Saturday, September 11, 2010

At Home on 9/11

This morning, I'm up at 9:00.  I throw on running clothes, grab a bowl of raisin bran, and head for Battery Park City, along the western shore of Lower Manhattan.  It's only a couple of blocks from my new place in Tribeca, and it's a hot spot for runners, roller-bladers, and moms with jogging strollers.  I'm running, but I'm still half-asleep.

It takes me a few minutes to realize what today really means.  Nine years ago today, my mom called me downstairs from brushing my teeth before school to watch the news on our tiny black-and-white TV--the only one picking up a signal at the time.  I'll never forget that day.  I was thirteen, and I couldn't understand how humans could be capable of something so horrendous as flying commercial jets into skyscrapers.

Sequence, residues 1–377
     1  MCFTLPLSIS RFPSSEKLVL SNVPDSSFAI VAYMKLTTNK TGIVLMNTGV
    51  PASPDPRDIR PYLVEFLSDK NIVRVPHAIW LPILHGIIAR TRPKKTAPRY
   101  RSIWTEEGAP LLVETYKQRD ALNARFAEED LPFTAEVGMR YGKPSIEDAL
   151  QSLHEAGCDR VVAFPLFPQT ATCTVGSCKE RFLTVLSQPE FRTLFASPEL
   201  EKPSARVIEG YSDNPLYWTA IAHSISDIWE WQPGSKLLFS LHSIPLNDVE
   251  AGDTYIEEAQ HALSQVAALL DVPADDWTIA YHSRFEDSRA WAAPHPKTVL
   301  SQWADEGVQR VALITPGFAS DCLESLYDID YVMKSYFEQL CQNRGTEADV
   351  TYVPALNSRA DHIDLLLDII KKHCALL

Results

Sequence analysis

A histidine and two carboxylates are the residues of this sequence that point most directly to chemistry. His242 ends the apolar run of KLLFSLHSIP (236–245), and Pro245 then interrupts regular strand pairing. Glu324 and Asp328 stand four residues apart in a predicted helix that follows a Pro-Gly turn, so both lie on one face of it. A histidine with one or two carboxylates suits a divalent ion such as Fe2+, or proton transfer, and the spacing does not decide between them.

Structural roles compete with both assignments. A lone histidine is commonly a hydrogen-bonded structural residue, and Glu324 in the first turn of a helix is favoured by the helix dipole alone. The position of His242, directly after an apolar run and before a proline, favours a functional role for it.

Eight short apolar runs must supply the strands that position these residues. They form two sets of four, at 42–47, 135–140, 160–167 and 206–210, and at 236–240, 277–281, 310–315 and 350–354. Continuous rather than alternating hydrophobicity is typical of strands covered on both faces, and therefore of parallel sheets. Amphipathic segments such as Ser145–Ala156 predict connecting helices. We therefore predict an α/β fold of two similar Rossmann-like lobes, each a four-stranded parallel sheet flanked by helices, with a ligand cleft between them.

It's been nine years, and I still remember that cold, lead-weight feeling that settled in the bottom of my stomach as hot tears stained my cheeks.  And the feeling comes back every so often, especially on days like today.

This is my first 9/11 anniversary in New York City.  From where I'm running, I have a view of Ellis Island and Lady Liberty.  Just inside the Winter Garden at the World Financial Center, there's a grand staircase leading up to a wall of glass.  I stop in along my run, and through the windows, I can see the progress being made at Ground Zero.  The 9/11 Memorial is in construction, and even on a Saturday morning, there are workers buzzing around to complete their work on time.  I stand with my face to the glass, one of a long stretch of onlookers, and turn my head to the gaping hole in the sky.  It's a gorgeous stretch of sun-kissed blue.  But it's one of the saddest things in New York.  Because we're not supposed to see the sky.

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